Alpine A110 GT: long term test review

First report: French sports car makes a great first impression

  • 4.5 out of 5


    The A110 has evolved in many ways, but our first few weeks with this updated example show that for all the extra premium feel, the driving experience remains at the heart of the car. And that suits us just fine.

    • Mileage: 1,157
    • Economy: 34.9mpg
    • What does the Alpine brand stand for, do you think, and how does it square up beside the more established sports car makers such as Porsche and Lotus? Is it France’s alternative to those brands, or is Alpine even more left-field than that? Most of all, is it any good at making sports cars?

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      All of these questions and more will be answered during the next six months with our shiny new Thunder Grey Alpine A110 GT, but what I can tell you here and now is that bystanders notice this car. And most of them tend to like what they see.

      People are intrigued by the A110 GT. They rate its diminutive proportions and its unusually distinctive nose and headlights. They also like our car’s number plate. Some aren’t entirely sure whether it’s from 2022 or 1972, true, but those who follow Formula One tend to know the brand, even if they don’t automatically associate this car with the one that Fernando Alonso races. 

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      Yet the attention the A110 receives is always positive, tinged, just occasionally perhaps, with a slight sense of bewilderment from some people who have simply “never seen one of these before”.

      Me? After just over 1,000 miles of driving it on both road and track, and having lived with it for a good few weeks rather than just days, I’m well and truly hooked. I was already a fan of the A110 GT, having done plenty of miles in the pre-updated model, but this revised version – with 296bhp from its 1.8-litre, four cylinder turbo engine and tweaked suspension – is even better. 

      It’s also a lot more practical to live with and drive every day than I was expecting, and there are several reasons why. For starters, the boots (there are two – one in the nose, another in the tail) are both small, yes, but they can each ingest an awful lot more stuff than you first assume, so long as you’re prepared to think about how you use them. Hard suitcases are a definite no-no, but soft bags, crash helmets, camera bags and even a good few bags of shopping can all be squeezed into the French machine.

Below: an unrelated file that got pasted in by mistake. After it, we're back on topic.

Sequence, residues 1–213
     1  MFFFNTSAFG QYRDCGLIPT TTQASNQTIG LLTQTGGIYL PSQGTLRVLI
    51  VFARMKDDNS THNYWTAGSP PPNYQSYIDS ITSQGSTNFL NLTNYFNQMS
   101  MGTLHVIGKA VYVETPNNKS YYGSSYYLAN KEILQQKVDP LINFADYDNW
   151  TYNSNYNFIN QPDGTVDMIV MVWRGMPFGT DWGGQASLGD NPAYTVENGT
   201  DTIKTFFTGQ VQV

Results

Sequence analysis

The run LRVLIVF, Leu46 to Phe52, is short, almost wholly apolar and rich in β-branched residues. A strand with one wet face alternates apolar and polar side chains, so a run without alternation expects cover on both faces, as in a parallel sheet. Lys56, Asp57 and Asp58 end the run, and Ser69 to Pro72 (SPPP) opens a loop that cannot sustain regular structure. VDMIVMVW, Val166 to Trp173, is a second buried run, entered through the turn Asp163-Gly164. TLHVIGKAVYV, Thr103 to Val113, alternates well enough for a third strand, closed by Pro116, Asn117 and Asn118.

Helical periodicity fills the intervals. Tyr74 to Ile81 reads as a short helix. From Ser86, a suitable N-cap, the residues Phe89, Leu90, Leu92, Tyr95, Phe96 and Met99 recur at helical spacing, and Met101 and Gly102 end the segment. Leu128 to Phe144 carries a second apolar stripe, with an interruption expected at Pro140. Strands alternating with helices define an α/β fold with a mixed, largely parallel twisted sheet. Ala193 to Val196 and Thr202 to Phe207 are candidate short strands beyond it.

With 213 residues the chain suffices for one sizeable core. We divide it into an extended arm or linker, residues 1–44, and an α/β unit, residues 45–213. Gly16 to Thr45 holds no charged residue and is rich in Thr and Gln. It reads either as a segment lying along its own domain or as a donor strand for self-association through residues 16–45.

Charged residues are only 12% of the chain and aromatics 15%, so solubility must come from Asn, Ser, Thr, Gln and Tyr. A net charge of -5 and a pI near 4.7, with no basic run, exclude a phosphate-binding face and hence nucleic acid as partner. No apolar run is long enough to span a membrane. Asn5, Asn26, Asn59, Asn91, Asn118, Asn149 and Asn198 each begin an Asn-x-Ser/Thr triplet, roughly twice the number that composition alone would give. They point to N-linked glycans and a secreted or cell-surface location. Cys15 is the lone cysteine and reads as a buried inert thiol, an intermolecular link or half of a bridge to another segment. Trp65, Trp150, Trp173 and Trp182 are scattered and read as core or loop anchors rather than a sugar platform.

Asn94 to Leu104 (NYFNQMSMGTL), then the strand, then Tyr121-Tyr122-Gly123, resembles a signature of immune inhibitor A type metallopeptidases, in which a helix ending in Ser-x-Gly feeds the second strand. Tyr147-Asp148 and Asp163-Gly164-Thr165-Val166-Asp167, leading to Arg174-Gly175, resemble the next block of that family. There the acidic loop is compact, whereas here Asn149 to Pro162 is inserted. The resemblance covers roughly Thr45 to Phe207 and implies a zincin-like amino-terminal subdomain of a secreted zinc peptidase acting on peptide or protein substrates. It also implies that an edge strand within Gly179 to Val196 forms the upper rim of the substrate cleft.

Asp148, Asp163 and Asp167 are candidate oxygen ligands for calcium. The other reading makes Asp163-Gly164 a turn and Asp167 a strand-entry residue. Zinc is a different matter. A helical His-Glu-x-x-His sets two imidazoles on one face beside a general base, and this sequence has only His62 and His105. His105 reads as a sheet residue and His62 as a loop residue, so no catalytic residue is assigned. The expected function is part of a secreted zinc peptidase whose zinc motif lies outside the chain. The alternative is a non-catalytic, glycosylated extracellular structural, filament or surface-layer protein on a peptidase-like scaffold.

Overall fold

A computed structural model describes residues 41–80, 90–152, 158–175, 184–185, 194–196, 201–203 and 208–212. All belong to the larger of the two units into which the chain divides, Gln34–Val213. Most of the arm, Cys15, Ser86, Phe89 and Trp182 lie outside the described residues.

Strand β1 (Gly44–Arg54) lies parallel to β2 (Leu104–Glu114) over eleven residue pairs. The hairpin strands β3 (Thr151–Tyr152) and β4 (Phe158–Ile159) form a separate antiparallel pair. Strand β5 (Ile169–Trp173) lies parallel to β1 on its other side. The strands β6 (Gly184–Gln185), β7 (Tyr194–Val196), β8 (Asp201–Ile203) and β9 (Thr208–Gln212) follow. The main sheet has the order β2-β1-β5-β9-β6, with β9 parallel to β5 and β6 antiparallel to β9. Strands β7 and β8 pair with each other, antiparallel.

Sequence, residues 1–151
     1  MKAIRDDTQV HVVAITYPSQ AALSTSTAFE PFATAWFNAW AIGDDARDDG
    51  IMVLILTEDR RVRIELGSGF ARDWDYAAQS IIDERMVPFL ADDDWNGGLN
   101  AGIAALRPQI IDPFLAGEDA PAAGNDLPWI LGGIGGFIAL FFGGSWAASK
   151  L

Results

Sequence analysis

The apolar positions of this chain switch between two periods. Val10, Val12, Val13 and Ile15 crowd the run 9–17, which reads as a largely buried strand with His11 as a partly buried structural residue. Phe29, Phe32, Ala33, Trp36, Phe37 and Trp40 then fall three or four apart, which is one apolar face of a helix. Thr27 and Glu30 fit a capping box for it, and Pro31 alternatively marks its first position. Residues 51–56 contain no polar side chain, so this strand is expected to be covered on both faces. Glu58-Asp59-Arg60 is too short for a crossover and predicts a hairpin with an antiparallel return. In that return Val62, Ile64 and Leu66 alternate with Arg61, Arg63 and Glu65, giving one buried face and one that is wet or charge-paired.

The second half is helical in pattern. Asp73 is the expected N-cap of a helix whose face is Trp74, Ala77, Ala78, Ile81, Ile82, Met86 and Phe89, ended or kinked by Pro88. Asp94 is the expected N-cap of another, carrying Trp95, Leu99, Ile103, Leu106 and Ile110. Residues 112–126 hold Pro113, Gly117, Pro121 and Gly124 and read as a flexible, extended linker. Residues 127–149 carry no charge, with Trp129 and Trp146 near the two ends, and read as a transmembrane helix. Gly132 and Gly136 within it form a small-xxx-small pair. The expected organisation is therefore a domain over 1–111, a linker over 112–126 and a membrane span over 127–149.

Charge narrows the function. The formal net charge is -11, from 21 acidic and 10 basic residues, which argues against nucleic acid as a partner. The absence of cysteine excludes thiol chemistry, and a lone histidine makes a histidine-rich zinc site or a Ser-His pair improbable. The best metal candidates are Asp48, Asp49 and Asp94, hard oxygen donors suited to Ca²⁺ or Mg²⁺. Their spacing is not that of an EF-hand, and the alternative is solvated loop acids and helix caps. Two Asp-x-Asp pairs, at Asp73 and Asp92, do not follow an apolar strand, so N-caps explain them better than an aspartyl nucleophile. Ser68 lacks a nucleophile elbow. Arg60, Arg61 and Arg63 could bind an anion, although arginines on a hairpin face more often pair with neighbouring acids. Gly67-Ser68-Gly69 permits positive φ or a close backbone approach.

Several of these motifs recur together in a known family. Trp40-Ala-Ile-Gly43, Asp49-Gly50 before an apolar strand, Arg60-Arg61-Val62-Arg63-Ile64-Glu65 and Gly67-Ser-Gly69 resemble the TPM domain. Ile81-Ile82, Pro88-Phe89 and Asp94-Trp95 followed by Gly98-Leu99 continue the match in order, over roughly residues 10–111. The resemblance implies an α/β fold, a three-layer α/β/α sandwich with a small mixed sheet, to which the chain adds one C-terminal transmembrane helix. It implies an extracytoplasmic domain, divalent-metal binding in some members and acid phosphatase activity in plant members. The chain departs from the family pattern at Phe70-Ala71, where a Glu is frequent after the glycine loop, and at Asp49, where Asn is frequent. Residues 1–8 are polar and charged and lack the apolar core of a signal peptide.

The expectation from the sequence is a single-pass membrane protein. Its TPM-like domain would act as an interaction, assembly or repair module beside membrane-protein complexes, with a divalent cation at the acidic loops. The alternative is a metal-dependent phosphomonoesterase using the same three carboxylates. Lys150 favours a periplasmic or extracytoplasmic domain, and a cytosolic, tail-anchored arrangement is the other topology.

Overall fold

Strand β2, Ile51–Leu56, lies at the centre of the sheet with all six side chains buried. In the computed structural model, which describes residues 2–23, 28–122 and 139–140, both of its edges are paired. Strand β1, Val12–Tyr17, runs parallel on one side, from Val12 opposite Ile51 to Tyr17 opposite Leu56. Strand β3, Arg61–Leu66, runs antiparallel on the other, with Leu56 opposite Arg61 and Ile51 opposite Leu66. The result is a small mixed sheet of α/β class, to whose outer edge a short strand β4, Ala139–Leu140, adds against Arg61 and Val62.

Then there’s a nice big additional storage case inside the cabin itself between the seats, which can swallow a lot more stuff than I anticipated. It’s a £468 option, true, but it’s well worth the money, I reckon.

      The point is, I was dreading the potential impracticalities of running an A110 GT every day, but in truth, it’s much more usable than I feared it might be. It also feels a lot better built than I expected, with an interior that has a genuine premium air to it in most respects, even if there are some switches that will be familiar to Renault drivers.

      Does it feel like a £60k car? Overall, yes, I think it does. I’ve even bought a cheapo aftermarket car cover for it so that my local seagulls don’t ruin its lovely paintwork. The fact that it weighs just 1,119kg and utilises some parts from lesser cars within Renault’s line-up is always going to make it seem less premium than a Porsche. 

      But this shortage of weight and general heft are also big plus points. They provide it with a sense of agility that no other rival can replicate, at any price – not those from Porsche, Lotus or even Ferrari, all of which weigh more, and most of which come with considerably higher price tags.

      Because in the end, it’s not the surprising practicality or even the way it looks that defines the Alpine A110 GT. It’s the way it drives and it drives like no other sports car on sale. It’s very quick but not unsociably so. It handles beautifully but also rides, steers and stops as if touched by genius. And it’s comfortable – boy, is it comfortable, to a point where I do relish the prospect of covering long distances in it. 

      Although to be fair every millimetre of every journey is an event to savour in our A110 GT. That’s how smitten by it I am, so far.


      Alpine A110 GT

      On fleet since:

      August 2022

      Price new:

      £59,355 (£62,867 as tested)


      1.8-litre 4cyl turbo petrol, 296bhp




      Thunder Grey paint (£780), Focal premium audio (£552), 18-inch Serac Wheels (£372), Mirror pack (£468), Storage pack (£468), Alpine telematics (£264), Alpine logos on fuel cap and side bumper (£110), Alpine logo in steering wheel (£78)


      Group: 46 Quote: £945





      Any problems?

      None so far

      *Insurance quote for a 42-year-old in Banbury, Oxon, with three points

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